In the end, it's up to you.

A campaign based around Dragon Age 2, or including elements of it, should appeal to Explorers less than the original game because this one is far more on rails and you've only got a set area to explore.  Having said that, urban exploration still has a lot of value to it and so long as you allow the place to open up a little and ensure that the different areas don't blend together you should have them in the palm of your hand.  Tacticians will enjoy the different range of skills and abilities the group brings to the party as it has a very Dungeons & Dragons-style group of healers, fighters, mages, and rogues, and Tacticians can often get a lot of mileage out of setting up the right cascade of effects so long as the other players are willing to listen.  Action Heroes will enjoy the high-stakes drama of an adventure that sees to major power players (Templars and Mages) at each other's throats.  They'll get to feel super-important in the non-action elements and powerful in the action spots. 

Investigators can get a kick out of any of the quests that require a bit of clue combing or lead following.  Pose a question to them, in this case a conspiracy, and give them a chance to find the solution and they'll be a happy chappy.  Unfortunately, they may get a bit bored during the spaces in between that don't seem to advance their investigations (such as random thug bashing).  Communicators will love the colourful characters and the chance to explore different cultures in an urban game but may resist being moved on too quickly.  If everyone is enjoying a cultural exchange or a particular NPC, let them engage with it a little bit longer than you normally would before moving things along to balance the combat and action segments for them.

You can find the trailer for the game over here. If you'd like to read the sort of tropes that Dragon Age 2 used, you can find them here.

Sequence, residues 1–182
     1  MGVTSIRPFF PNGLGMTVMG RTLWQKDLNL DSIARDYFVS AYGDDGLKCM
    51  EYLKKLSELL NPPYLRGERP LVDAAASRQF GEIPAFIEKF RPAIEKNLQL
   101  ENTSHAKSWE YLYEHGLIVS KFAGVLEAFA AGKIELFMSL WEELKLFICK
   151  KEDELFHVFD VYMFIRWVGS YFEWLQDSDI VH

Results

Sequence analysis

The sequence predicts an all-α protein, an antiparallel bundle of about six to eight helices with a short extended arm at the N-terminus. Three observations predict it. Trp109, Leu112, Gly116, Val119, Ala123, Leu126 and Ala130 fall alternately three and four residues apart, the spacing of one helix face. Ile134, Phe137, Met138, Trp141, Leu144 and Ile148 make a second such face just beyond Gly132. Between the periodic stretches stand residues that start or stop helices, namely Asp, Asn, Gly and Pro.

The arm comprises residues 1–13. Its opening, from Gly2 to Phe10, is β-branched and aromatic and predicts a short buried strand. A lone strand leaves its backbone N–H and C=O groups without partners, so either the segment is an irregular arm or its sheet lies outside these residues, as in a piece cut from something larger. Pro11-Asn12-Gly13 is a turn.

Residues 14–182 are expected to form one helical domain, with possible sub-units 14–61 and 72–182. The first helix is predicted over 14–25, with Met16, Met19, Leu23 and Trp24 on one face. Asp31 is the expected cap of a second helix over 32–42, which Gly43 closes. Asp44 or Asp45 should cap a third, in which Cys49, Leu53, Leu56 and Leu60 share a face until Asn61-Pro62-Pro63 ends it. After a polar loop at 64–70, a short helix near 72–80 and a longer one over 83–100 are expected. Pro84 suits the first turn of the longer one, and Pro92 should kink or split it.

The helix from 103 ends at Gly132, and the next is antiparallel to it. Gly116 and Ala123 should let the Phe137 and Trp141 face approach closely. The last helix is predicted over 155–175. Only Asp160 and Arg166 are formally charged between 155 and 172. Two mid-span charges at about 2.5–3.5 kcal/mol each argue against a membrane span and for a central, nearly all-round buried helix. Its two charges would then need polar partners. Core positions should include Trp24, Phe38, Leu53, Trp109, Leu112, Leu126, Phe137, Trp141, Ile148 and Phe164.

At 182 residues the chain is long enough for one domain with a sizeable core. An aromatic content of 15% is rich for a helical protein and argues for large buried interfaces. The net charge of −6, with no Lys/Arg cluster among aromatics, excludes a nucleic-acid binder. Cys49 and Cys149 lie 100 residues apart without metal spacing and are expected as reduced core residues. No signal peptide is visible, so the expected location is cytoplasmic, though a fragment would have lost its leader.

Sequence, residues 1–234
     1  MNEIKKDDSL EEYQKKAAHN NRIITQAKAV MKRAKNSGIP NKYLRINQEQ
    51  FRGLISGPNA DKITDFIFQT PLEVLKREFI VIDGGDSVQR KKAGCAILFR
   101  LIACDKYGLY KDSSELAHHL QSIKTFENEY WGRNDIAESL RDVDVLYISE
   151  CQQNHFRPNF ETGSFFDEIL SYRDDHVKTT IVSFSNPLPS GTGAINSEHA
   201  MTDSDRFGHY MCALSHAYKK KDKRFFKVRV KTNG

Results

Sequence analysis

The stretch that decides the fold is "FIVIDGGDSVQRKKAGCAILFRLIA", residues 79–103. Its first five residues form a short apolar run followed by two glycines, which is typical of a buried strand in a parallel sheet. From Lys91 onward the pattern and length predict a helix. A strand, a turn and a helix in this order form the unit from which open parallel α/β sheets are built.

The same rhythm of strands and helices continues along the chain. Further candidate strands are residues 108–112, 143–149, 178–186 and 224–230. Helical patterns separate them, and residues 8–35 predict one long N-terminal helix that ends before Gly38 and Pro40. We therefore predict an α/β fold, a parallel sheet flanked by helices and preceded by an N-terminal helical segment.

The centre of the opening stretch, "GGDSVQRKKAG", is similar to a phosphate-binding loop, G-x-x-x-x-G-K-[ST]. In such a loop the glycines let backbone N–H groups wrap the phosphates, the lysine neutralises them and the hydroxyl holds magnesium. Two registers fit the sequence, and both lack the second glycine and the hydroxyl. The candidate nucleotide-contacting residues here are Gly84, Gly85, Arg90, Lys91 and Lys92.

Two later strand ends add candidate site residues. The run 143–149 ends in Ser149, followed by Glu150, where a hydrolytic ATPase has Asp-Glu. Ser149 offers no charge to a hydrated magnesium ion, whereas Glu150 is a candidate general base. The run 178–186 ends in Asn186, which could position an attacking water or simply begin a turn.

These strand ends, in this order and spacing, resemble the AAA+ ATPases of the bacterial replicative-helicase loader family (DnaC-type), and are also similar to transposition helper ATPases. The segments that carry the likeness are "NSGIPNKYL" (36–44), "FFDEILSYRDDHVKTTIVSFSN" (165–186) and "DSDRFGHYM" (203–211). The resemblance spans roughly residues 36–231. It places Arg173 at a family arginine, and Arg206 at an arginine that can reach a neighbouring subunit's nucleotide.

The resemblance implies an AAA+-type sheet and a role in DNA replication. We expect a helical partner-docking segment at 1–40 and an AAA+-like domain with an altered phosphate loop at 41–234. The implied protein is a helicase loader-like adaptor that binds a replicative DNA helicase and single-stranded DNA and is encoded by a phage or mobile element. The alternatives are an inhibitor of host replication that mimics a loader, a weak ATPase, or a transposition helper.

If you want to read a more complex article on building a game system from the ground up to deal with this sort of game, read Dan H's articles that kick off over here.

For the next Game Translation, you have a choice of these: Left for Dead, Half Life 2, Project Zero, Gears of War, Dracula: Origins, Realms of the Haunting, Silent Hill: Downpour, Castlevania 64, Zelda: Ocarina of Time, In Cold Blood, and pretty much any survival horror or horror game. If no one picks anything by next week, it'll be the latest Silent Hill game as I've gone against my own advice and started playing Downpour. 

If you want to see the list of games I've done thus far, you can find the Game Translation series starter over here.


  1. Half life 2 would be nice, but you should always write what you want to.

  2. From my personal, very mechanics-focused perspective, DAII is an interesting choice because it integrates its gameplay into its themes so very, very badly.

    The very real danger posed by mages is a major feature of the setting, but PC mages never feel like they're in any danger of possession, and the magic itself is such standard fantasy fare it's hard to be threatened by it.

    The thing is there was a lot I absolutely loved about DAII - I just wish I could have played the game it *almost* was.

    To put it another way, you're dead right that DAII translates perfectly well to a D&D or pathfinder game. That's exacly what I foud disappointing about it.

    1. As a big fan of survival horror, I would have loved to hear Fade spirits whispering in my ear.

  3. Call of Cthulhu: Dark Corners of the Earth is probably one of my all time favorite survival horrors. Many of my fondest memories of being scared witless came from the set pieces in that game.

    Another incredibly creepy and dark survival horror/adventure puzzle game was Demonophobia. What it lacked in graphics, it made up for in the sheer gut-wrenching brutality.

    1. Well, I've done Call of Cthulhu (you can check it out in the main list of Game Translations over here - but I've never played Demonophobia. Where could I find it?

    2. Try this out, should give you everything you're after demonophobia wise :)

    3. That's what I get for not digging back deeper in the archives ^^;

    4. Its all good. It was still worth saying that its your favourite.

      I've got to admit: Silent Hill: Downpour is now my all-time favourite. Its distinct enough and shakes up the genre enough to be worthwhile, while still hearkening back to the first couple of games. Very cool.